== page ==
• Summary
  • Contents
  • Subject index

Questions of privacy are critical to the study of contemporary media and society. When we’re more and more connected to devices and to content, it’s increasingly important to understand how information about ourselves is being collected, transmitted, processed, and mediated. Privacy and the Media equips students to do just that, providing a comprehensive overview of both the theory and reality of privacy and the media in the 21st Century. Offering a rich overview of this crucial and topical relationship, Andy McStay: • Explores the foundational topics of journalism, the Snowden leaks, and encryption by companies such as Apple • Considers commercial applications including behavioural advertising, big data, algorithms, and the role of platforms such as Google and Facebook • Introduces the role of the body with discussions of emotion, wearable media, peer-based privacy, and sexting • Encourages students to put their understanding to work with suggestions for further research, challenging them to explore how privacy functions in practice. Privacy and the Media is not a polemic on privacy as ‘good’ or ‘bad’, but a call to assess the detail and the potential implications of contemporary media technologies and practices. It is essential reading for students and researchers of digital media, social media, digital politics, and the creative and cultural industries. ‘Privacy and the Media is a thoughtful survey of the privacy landscape. McStay reviews the intricate tensions and seeming contradictions to offer an accessible book for anyone curious about the contemporary debates in privacy.’ - danah boyd, author of It’s Complicated and founder of Data & Society ‘McStay’s great achievement here is to confront many of the pertinent and complex questions about media and privacy in a style that is both authoritative and easy to read... His book will prove an excellent companion for all students of this fascinating and crucial topic.’ - Mireille Hildebrandt, Vrije Universiteit Brussel ‘Clearly and accessibly written, this book is a great resource for anyone interested in the broad range of ways in which privacy and contemporary media are entangled and in the big picture of privacy/media relations today... I will definitely be assigning it for my students.’ - Helen Kennedy, University of Sheffield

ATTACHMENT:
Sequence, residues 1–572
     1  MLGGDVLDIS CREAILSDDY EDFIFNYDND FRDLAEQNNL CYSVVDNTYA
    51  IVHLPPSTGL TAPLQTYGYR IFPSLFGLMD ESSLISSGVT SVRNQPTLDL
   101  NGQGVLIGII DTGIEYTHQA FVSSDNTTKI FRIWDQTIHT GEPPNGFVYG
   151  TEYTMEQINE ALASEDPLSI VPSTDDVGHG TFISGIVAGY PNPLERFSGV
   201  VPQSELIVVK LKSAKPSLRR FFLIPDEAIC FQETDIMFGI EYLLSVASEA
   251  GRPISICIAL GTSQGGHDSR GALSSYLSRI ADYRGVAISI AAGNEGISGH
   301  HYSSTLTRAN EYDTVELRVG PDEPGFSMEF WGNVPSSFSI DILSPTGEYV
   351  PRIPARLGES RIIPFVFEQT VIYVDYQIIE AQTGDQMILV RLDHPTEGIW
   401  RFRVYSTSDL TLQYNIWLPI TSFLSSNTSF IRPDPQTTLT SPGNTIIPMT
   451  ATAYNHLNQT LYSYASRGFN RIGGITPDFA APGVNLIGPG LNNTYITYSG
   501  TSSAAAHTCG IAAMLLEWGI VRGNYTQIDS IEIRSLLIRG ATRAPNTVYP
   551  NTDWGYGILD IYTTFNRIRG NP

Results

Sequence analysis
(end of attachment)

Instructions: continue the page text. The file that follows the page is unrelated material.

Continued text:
Sexting: Exposure, Protocol and Collective Privacy
Sexting: Exposure, Protocol and Collective Privacy
Key Questions
  • How does affect contribute to understanding of privacy?
  • To what extent is privacy a collective responsibility?
  • Given the risks, why do people send sexts?
  • To what extent is sexting a form of cyber-bullying?
Key Concepts
  • Unwanted exposure
  • Affect
  • Affective protocol
  • Collective privacy

Sexting refers to the practice of people sending nude or explicit images of themselves, usually through social media. It is also referred to as cybersex, sending nudes, sexts, dodgy pix, fanpics or just selfies. People typically do this to create erotica, enliven their sex lives and generate greater closeness. Married couples and people in long-term relationships do it but, as this chapter will explore, so do younger people. This brings with it questions about pressure, motivation and laws about ...

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